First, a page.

Trump campaign manager Kellyanne Conway said the shift to her candidate began before that. “Donald Trump turned over 200 counties that voted for President Obama twice,” she said several times.
Both camps complained about the media. But the Trump campaign said they succeeded in finding ways to bypass the mainstream media on Facebook and Twitter.
“The media had no idea what we did until we told them — and that’s the beauty of it,” said Trump digital director Brad Parscale.
Former campaign manager Corey Lewandowski hailed Mr. Trump for his ability to “monopolize the media. … He has an ability the change the environment with 140 characters.” Deputy campaign manager Michael Glassner quoted the candidate as saying that Twitter “was like owning the New York Times without the overhead.”
Mook said that the widespread perception that Clinton was a lock to be the 45th President of the United States hurt their campaign. He noted that she did not do as well among young voters as the campaign had projected and suggested that many voted for third-party candidates, believing that she would win no matter what. That sense of inevitability also hurt the Clinton campaign’s ability to recruit volunteers, according to chief digital strategist Teddy Goff.
Goff also noted that on social media, Clinton supporters faced blowback when declaring their support. That was in direct contrast to the experience of Barack Obama followers in 2012, when Goff ran that campaign’s digital strategy.
The leaders of Mr. Trump’s campaign repeatedly dismissed his controversial statements — about Mexican immigrants, banning Muslims immigrants and an Indiana-born judge of Mexican descent presiding over a lawsuit against him — as irrelevant.
“People didn’t vote on what offended them, they voted on what affected them,” Conway said.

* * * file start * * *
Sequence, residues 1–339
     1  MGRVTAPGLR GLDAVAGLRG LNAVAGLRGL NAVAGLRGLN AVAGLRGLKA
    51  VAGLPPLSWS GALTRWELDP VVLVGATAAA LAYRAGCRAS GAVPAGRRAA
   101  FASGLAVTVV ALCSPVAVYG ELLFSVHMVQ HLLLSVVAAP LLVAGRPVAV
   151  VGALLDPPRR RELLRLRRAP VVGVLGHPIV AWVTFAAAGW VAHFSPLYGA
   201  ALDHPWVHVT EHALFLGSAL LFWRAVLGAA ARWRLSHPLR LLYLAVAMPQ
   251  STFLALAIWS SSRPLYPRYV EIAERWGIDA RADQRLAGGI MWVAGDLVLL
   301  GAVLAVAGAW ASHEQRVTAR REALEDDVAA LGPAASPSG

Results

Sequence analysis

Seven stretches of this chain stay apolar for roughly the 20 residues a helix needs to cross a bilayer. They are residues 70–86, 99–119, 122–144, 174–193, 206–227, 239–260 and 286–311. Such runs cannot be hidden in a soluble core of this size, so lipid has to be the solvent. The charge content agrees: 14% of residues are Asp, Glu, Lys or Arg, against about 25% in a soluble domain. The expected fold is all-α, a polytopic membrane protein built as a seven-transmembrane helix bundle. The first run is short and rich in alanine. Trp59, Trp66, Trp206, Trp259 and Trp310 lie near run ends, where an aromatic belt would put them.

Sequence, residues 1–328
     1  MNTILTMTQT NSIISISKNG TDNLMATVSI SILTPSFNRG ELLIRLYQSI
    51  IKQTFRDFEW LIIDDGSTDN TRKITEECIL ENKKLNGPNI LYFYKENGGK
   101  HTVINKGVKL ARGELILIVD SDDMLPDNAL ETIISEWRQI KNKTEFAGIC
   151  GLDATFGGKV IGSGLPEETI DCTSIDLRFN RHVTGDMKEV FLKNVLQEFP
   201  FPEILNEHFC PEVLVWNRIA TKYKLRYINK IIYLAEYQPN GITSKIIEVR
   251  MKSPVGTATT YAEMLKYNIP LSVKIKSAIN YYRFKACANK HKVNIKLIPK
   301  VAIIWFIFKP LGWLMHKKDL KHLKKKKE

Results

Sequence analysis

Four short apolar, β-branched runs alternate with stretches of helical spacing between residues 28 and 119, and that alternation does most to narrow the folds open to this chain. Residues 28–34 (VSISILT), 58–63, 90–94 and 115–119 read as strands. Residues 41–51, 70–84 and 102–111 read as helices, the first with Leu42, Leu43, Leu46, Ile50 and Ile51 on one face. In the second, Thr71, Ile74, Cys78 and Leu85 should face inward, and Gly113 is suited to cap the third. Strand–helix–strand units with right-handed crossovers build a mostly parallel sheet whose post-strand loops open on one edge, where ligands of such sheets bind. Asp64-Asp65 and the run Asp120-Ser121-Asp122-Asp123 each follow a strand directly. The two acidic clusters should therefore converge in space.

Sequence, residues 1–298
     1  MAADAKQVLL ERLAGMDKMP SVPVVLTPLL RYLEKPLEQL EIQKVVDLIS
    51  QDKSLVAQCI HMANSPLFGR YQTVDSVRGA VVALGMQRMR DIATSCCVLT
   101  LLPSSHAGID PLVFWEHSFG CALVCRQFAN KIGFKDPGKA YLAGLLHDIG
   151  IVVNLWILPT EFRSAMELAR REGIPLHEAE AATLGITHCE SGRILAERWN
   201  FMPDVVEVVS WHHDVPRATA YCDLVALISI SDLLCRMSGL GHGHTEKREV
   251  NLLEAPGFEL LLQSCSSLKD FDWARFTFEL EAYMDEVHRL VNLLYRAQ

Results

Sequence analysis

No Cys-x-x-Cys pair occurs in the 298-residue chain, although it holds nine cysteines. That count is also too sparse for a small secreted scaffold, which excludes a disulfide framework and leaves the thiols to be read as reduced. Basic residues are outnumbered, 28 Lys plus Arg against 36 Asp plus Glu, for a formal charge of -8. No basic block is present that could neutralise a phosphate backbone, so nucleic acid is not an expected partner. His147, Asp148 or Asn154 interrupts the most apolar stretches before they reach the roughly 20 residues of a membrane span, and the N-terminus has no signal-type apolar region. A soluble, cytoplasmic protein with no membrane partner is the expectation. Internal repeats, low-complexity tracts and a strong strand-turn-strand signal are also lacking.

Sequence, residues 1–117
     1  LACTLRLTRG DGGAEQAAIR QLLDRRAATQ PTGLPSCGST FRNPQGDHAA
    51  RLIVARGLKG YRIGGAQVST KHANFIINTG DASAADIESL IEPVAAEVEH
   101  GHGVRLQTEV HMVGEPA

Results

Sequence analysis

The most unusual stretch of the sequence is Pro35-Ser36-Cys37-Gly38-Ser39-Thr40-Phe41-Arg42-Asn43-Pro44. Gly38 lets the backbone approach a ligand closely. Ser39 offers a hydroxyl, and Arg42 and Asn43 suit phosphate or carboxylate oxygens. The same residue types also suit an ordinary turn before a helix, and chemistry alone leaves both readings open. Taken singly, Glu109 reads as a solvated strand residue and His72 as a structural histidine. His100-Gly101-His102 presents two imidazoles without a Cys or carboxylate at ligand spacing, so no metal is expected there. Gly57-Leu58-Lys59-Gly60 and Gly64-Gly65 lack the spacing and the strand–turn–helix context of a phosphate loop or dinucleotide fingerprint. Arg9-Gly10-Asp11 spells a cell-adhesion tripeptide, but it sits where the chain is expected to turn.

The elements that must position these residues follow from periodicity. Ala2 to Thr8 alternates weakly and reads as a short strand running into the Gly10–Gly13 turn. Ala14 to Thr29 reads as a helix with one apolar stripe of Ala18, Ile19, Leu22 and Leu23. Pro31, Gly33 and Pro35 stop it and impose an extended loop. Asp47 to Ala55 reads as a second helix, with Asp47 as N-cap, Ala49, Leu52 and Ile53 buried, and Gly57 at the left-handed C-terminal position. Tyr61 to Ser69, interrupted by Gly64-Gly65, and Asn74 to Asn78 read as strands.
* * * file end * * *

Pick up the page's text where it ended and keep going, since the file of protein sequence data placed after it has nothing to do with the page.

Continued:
When did the two campaigns realize that Donald Trump would be President?
Lewandowski said the candidate would routinely ask: “What do you think my odds are today?” Parscale said what he saw in the data from early and absentees votes in Florida and other states by the Friday before Election Day gave him the confidence to tell the candidate that he believed Mr. Trump win.
“He looked at me like I was crazy,” Parscale said with a laugh.
Conway added that Mr. Trump, ever the businessman who believes no deal is done until it’s final, refused to believe it until 1:36 a.m. ET Wednesday when he was projected to go over the 270 electoral votes he needed.
For Mook, the realization came on election night as results came in from Florida and North Carolina. Turnout among African-Americans wasn’t as high as what they had projected, and Trump support in rural, predominantly white counties was stronger.
“I thought, ‘Well, maybe this is just a Southeast thing — in that case, we’ll be alright,'” Mook said. “Well, it wasn’t just a Southeast thing.”
As Mook thought back to that night, he paused and sighed.
“You’re making me relive a wonderful moment in my life,” he said with a sardonic chuckle.